Rollin' In The Rye

Canada’s World Cup win proves they are still the best country in hockey


It wasn’t pretty, but Team Canada was still able to get the job done.

They capped off another successful tournament by sweeping the 2016 World Cup of Hockey Finals with a 2-1 win over Team Europe on Thursday. Despite some struggles throughout both Game 1 and 2, Canada managed to find a way to win each game and, in turn, the tournament.

For the most part of Thursday’s matchup, Europe seemed to be the team in control all night. They held a lead for a majority of the game because they were able to keep the Canadian stars silent on the offensive end, while goalie Jaroslav Halak made save after save. Had it not been for the strong play of Carey Price, Team Canada may have faced a bigger deficit than just a single goal.

With under 3 minutes remaining in the 3rd period, Patrice Bergeron was finally able to end the dry spell for Canada when he tipped in a Brent Burns shot from the blueline to tie the game at 1-1. Then, in the final minute of the period and on the penalty kill, Jonathan Toews flew into the offensive zone and was able to open up space down the middle. This led to a pass to a streaking Brad Marchand who fired a wrist shot past Halak to give Canada the lead and, eventually, the win with 43 seconds remaining.

For Team Europe, the game ended a remarkable tournament for a squad that many considered to be a write-off for the very beginning. With many talented players, like forwards Anze Kopitar and Tomas Tatar, defenders, Roman Josi and Zdeno Chara, and Halak in net, coach Ralph Kruger’s team was able to combine a great group of talent together to play some inspiring hockey that caught many teams off guard.

While the loss may have turned out to be a heartbreaker, the fact that Europe was able to keep Canada in check for the 2 final games of the tournament showed just how dangerous this team really was.  There is a lot to be proud of Team Europe’s finish, but the most important thing for them was by proving that their team, along with Team North America, was not merely a gimmick, but a legitimate team that threatened to win it all.

The tournament win could not have been possible without some key contributions throughout the lineup. The Marchand, Bergeron, and Sidney Crosby line was nearly unstoppable throughout the last couple of weeks, registering a combined 12 goals, 12 assists, and 24 points. The line was involved offensively for essentially the entire tournament, and their success helped pave the way to a World Cup win. It’s a huge reason why Crosby was also named the 2016 World Cup of Hockey MVP.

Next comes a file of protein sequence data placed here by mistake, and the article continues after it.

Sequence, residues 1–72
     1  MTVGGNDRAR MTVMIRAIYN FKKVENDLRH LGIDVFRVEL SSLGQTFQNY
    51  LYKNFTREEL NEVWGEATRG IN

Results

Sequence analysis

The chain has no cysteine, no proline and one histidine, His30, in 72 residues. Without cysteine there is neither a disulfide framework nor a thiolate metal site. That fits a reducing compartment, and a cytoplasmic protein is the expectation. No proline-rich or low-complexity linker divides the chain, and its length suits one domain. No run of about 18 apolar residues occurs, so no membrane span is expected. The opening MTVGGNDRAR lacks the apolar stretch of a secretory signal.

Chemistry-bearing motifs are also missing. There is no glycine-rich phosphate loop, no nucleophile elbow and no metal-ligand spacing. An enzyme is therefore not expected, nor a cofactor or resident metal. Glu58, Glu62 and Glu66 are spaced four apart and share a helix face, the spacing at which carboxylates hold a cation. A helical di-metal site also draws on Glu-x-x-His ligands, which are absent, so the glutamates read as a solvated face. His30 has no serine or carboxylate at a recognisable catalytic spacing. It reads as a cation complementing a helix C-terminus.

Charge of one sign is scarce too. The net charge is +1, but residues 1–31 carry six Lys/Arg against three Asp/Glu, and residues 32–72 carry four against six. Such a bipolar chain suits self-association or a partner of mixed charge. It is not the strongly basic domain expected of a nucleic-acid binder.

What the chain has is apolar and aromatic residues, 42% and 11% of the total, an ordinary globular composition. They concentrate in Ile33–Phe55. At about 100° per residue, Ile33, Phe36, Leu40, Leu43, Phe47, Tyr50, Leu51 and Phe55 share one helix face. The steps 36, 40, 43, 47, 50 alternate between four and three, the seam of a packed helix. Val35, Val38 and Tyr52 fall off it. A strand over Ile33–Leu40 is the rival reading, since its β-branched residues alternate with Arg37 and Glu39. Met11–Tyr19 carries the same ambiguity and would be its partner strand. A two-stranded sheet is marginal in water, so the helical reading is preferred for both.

Price’s work in net was also a key factor in the victory. Entering the World Cup, Price had maintained a shutout streak that stretched back to the 2014 Winter Games in Sochi. While it did end midway through the tournament, it did not affect him in the slightest as he was still able to sustain himself and keep his team in each and every match. During Game 2, he was tested heavily throughout the match, stopping 32 of 33 shots for a .970 save percentage. Because of his clutch performance, Canada was able to mount a comeback instead of having to play one more game on Saturday.

Finally, coach Mike Babcock and the rest of the coaching staff also deserve their fair share of credit for the victory. Even though he crafted his lines effectively and recognized his team’s potential, Babcock was still able to keep his team in check throughout the World Cup.

Combine all of this with the solid work of players such as Toews, Matt Duchene, Drew Doughty, and Alex Pietrangelo among others, and it is no wonder Canada has maintained a 16 game best-on-best winning streak, dating back to the 2010 Winter Olympics. While it was a tough affair against Team Europe during Games 1 and 2, Canada still managed to win both matches and ultimately prove why they are still the best country in hockey.

With the World Cup finished, the attention will now turn towards the start of the 2016-17 NHL season, which is less than 2 weeks away, with opening night Oct. 12.

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You can follow Michael Mazzei on Twitter @MichaelMazzei3.

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